Now, before you think I'm going to go and obsess over this again, no. That isn't what is happening. Yes, I have had the urge recently to play it again, but I don't really want to do it like I did. I have not been playing it that much (if at all) recently, and after playing it again, I wanted to change my opinion on this game. it is not perfect, but it's pretty decent, if not actually pretty good.
It starts out with an intro (like the other volumes) but this time with the ship (I will explain it later) going past all of the museums before it, with the games' characters from each museum (the ones that were the most noticeable at least) either running up to it or teleporting themselves on top of it. Afterwards, the characters from the games on this volume teleport themselves on top of it, and somehow get inside as the ship zooms off into space.
Graphically, the museum is underwhelming. It is a real step back from what the previous games were (Volume 5's museum was really good), and honestly, that would seem like a setback in quality, but they really aren't. There's a good reason for that too. Without elaborating too much, the games took up almost the whole disc this time, so (and while getting rid of the empty CDDA track could have helped) building a museum (with XA Audio, too) with about 60MB was just impractical. It would have very short museum music, o there'd be no point, even if it was in XA format. They went with (honestly) a more clever route, by using one of their previous attractions, called the "Game Space Milaiya" (it was just meant to be a futuristic space ship) to not only have a clever way to save space, but to also show it to a new audience. The museum backgrounds follow the same theme, with one being space, one being a grid drawing of the inside of the milaiya, the third one being inside the empty ship, and the fourth one being the original design (?) of the ship with the different arcade games inside if you look close enough. Overall, it's a pretty creative idea to work with what they had resource wise. The games look like they used to, the same pallettes and all, and they even have the original bootup screens that the games had in the arcades, so don't think your game is broken when they scroll through text or all the sprites.
With the sound, the museum is pretty meh. It has 4 different sounds/songs for the different background modes, with the full milaiya being just different arcade game sounds. There isn't that much to it. I honestly kind of enjoyed the memory card tune, along with the credits theme. The sound is just really ok. Nothing that good or bad, just ok. The games are different, with Dragon saber having one of my favorite arcade game soundtracks. Sky Kid has some, but it's not really that good, Rolling Thunder has this sort of 90s PC charm to it, and I do enjoy that. Wonder Momo isn't bad, just something I wouldn't normally listen to on the odd occasion. Rompers has some good music that is pretty enjoyable too. The sound for the games is ok to amazing, as it depends on what game you're playing.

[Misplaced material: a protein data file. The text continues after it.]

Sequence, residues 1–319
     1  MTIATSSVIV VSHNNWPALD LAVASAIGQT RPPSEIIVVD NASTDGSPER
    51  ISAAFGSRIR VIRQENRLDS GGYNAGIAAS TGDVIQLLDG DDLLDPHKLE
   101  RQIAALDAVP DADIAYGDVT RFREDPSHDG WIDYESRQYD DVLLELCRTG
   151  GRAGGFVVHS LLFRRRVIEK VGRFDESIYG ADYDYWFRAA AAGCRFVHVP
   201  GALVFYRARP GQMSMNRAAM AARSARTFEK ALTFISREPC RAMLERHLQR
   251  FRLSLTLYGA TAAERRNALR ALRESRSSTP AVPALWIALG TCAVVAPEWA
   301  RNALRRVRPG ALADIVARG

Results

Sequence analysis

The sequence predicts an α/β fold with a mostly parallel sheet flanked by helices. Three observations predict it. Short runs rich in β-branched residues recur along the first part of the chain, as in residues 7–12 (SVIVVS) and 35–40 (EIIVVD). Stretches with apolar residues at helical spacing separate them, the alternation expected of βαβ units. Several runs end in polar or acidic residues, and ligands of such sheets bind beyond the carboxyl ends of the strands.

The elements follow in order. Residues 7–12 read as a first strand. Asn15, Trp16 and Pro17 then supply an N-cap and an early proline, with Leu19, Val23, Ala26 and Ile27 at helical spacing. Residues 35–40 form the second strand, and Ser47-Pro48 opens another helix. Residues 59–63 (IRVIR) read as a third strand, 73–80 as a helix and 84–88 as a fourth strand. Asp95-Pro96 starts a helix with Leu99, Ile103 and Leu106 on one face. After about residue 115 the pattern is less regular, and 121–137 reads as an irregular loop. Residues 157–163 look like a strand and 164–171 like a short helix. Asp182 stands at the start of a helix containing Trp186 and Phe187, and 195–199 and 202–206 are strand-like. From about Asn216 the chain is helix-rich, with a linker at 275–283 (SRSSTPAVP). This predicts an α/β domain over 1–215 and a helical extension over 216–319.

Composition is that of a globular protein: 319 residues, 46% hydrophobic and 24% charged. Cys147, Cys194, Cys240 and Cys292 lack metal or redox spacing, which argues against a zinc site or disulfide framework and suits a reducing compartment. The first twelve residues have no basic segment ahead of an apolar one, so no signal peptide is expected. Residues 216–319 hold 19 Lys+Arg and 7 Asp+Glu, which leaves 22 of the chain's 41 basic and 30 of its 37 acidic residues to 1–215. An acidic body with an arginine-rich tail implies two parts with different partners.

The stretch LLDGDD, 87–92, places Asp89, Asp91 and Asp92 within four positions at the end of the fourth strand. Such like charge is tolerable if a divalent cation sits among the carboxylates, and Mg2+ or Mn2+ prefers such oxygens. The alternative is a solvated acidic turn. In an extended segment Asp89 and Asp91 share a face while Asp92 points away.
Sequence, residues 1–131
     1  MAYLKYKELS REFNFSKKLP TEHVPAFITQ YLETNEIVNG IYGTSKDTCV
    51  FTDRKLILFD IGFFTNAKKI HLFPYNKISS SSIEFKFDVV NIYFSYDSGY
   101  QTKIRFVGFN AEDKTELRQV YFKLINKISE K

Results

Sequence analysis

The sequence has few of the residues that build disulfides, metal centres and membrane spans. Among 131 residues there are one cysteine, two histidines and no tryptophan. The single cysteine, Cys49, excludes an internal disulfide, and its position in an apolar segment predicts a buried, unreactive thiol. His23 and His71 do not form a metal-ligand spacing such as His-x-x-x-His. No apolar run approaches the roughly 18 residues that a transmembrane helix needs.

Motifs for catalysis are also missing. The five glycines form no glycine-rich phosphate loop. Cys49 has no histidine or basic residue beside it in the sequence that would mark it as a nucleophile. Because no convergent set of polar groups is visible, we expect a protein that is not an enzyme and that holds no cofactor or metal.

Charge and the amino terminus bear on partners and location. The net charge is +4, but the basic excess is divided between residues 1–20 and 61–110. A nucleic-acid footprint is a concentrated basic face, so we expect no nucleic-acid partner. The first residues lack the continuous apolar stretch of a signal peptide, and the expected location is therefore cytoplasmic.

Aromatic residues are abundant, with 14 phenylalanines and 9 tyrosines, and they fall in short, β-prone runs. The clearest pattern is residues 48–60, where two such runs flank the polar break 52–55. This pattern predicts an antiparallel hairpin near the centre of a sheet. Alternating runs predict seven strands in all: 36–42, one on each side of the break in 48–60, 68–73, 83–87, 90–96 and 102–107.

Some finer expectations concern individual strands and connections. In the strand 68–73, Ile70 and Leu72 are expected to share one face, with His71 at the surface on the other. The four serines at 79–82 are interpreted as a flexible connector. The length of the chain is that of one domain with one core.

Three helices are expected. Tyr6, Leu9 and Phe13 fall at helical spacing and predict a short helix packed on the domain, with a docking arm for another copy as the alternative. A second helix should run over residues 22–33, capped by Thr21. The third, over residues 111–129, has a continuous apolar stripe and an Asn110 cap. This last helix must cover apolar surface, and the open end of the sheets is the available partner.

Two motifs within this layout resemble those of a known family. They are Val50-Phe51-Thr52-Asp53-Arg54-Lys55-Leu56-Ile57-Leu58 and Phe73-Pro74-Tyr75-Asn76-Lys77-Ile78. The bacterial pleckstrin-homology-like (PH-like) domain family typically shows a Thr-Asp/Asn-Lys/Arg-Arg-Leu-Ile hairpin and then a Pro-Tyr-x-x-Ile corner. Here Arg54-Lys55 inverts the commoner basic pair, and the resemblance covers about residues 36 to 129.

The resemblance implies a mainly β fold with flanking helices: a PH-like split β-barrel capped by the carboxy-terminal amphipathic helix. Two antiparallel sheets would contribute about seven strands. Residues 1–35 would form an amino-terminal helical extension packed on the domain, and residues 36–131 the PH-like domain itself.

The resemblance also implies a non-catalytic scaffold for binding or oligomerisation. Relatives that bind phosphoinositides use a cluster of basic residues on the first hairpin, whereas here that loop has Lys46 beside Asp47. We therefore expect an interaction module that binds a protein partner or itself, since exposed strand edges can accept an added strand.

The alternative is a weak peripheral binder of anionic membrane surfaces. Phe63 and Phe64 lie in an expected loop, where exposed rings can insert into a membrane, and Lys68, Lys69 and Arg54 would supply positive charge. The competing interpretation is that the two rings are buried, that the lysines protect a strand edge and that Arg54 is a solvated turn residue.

With the controls, they're pretty good. I don't have much to say other than the games do feel responsive and control well without any input lag (none if memory recalls).
Gameplay wise, the museum is just sort of a more enhanced GUI of a normal game selector menu with things like the PCB and instruction cards being visible. You can only go left and right, so it feels limiting compared to the others, but as I explained before, there's a good reason as to why. There's also the memory card, where you can view your records, and the receptionist, who says "ナムコミュージアムまようこそ。" which translates to "Welcome back to Namco Museum." which, yes, in Japan, the receptionist actually talked to you instead of making beeps, which the western versions did instead of getting someone to just say one line, and that was especially weird in Volume 4, where through some button pressing, you could turn the receptionist into a human. She also says something else after you stop talking to it, but I don't really know what it is (at the moment). Anyways, that's what the meat of this review is, now isn't it? It's an arcade compilation, so I would review the games individually, shouldn't I? Well, no, because reviewing them individually would take too long for me to write and you to read.